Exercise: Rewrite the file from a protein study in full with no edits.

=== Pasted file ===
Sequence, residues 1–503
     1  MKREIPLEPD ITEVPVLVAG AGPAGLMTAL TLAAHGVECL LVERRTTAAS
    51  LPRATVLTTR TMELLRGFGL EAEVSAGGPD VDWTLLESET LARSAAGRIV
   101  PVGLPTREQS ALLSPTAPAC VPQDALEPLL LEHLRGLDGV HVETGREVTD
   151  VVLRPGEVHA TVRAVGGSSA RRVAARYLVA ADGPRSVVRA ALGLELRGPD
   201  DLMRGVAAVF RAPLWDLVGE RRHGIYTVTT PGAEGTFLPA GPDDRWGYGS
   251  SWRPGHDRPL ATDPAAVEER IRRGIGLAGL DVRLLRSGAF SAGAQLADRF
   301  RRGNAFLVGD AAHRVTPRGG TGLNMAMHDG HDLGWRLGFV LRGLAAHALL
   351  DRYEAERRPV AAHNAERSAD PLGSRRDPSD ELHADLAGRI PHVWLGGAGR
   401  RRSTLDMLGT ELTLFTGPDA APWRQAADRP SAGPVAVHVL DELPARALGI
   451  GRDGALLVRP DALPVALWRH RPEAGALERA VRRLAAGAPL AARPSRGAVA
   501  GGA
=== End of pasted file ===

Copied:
Sequence, residues 1–503
     1  MKREIPLEPD ITEVPVLVAG AGPAGLMTAL TLAAHGVECL LVERRTTAAS
    51  LPRATVLTTR TMELLRGFGL EAEVSAGGPD VDWTLLESET LARSAAGRIV
   101  PVGLPTREQS ALLSPTAPAC VPQDALEPLL LEHLRGLDGV HVETGREVTD
   151  VVLRPGEVHA TVRAVGGSSA RRVAARYLVA ADGPRSVVRA ALGLELRGPD
   201  DLMRGVAAVF RAPLWDLVGE RRHGIYTVTT PGAEGTFLPA GPDDRWGYGS
   251  SWRPGHDRPL ATDPAAVEER IRRGIGLAGL DVRLLRSGAF SAGAQLADRF
   301  RRGNAFLVGD AAHRVTPRGG TGLNMAMHDG HDLGWRLGFV LRGLAAHALL
   351  DRYEAERRPV AAHNAERSAD PLGSRRDPSD ELHADLAGRI PHVWLGGAGR
   401  RRSTLDMLGT ELTLFTGPDA APWRQAADRP SAGPVAVHVL DELPARALGI
   451  GRDGALLVRP DALPVALWRH RPEAGALERA VRRLAAGAPL AARPSRGAVA
   501  GGA